In the Shell climate case, of June 2021, however, the Dutch court adopted a different approach to find supply chain liability. The court construed the open standard of negligence with reference to the UN Guiding Principles on Human Rights and Business, which were deemed to be authoritative and widely used. Under these guidelines, multinational businesses are responsible for the protection and respect of human rights and the remediation of human rights violations throughout their value chain, defined to include both suppliers and customers.
Based on the finding that climate change poses a threat to the human right to life, the Court reasoned that a multinational company is liable for the greenhouse gas emissions of both its own operations and of those by its business partners throughout the value chain. The test for actual control was revolutionized by substituting economic relations for directions. The court phrased this substitution as follows:
- With respect to suppliers: “It is not in dispute that through its purchase policy the Shell group exercises control and influence over its suppliers (…). This means that through its corporate policy Shell is able to exercise control and influence over these emissions.”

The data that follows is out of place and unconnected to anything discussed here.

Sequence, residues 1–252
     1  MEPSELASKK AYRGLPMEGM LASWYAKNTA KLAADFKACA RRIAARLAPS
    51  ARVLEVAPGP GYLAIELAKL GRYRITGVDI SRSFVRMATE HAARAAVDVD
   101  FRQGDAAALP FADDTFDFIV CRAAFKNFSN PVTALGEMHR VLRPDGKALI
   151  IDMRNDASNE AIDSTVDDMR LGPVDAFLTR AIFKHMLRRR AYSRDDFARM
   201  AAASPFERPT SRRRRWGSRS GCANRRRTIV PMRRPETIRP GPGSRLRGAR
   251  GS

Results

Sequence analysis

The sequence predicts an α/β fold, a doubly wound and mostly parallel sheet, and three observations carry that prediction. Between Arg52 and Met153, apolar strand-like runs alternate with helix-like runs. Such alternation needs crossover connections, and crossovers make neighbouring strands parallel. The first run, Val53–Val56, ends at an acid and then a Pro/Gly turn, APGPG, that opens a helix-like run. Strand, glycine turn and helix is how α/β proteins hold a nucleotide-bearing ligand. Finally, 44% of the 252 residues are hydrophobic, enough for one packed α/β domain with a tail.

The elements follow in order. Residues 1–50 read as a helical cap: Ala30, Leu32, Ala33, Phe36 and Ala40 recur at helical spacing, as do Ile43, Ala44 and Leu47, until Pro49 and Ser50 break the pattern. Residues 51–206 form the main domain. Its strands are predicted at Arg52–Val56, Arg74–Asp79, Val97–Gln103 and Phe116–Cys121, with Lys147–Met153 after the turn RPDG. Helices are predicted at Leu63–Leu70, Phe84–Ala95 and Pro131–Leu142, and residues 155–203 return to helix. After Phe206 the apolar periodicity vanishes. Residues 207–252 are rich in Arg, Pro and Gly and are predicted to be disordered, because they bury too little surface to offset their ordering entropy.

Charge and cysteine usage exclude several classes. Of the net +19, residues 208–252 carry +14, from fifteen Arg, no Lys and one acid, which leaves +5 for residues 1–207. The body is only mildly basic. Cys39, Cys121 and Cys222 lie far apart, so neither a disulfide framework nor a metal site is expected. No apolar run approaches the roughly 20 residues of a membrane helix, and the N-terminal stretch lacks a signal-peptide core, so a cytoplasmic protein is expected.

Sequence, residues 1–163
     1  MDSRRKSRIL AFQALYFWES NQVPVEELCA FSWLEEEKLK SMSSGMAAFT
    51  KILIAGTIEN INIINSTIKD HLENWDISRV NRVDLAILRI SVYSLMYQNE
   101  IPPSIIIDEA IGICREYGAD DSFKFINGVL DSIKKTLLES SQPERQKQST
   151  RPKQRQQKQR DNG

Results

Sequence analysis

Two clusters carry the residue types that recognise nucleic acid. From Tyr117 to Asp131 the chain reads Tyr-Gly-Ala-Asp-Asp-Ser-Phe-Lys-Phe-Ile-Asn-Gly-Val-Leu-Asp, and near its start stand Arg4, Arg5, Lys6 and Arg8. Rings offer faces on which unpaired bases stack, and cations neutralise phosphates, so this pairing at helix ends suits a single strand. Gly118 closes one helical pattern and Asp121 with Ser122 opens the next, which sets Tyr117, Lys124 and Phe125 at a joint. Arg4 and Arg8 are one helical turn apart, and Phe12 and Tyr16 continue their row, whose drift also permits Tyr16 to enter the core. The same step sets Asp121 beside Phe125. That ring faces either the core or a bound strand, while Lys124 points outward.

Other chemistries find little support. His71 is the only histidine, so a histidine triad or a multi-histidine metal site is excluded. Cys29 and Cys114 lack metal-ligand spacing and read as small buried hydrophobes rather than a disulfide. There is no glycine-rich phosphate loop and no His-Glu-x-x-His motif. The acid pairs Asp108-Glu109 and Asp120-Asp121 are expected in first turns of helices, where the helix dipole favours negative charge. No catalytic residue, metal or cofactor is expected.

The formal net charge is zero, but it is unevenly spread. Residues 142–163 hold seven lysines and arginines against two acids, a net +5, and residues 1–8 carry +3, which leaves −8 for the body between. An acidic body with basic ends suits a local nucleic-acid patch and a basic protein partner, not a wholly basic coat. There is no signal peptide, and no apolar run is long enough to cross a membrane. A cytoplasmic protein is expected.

- With respect to customers: “Shell does not contest that it can exert (…) control and influence through its energy package, and the composition thereof, produced and sold by the Shell group.”
Thus, Shell was deemed to control its suppliers based merely on the economic leverage inherent to the business relationship. Shell was also deemed to have control over its customers by virtue of the fact that it determines the composition of its product portfolio. In other words, in any supply chain involving a multinational corporation, control by the multinational is a given.
Consequently, the court ordered Shell to reduce its emissions and those by its suppliers and end users. As the court noted, this implies that Shell will have to divest or retire its fossil fuel resources and adjust its product portfolio.
Towards corporate social liability?
The writing has been on the wall for some time – recent court judgments have accelerated the conversion of corporate social responsibility into corporate social liability. In this new environment, corporations will have to work alongside governments to ensure the progressive realization of the continuously expanding positive entitlements required by human rights.
To paraphrase the President of the European Court of Human Rights, “corporations are required to play their role within the boundaries of their powers, forever mindful that the realization of human rights must be real and effective.”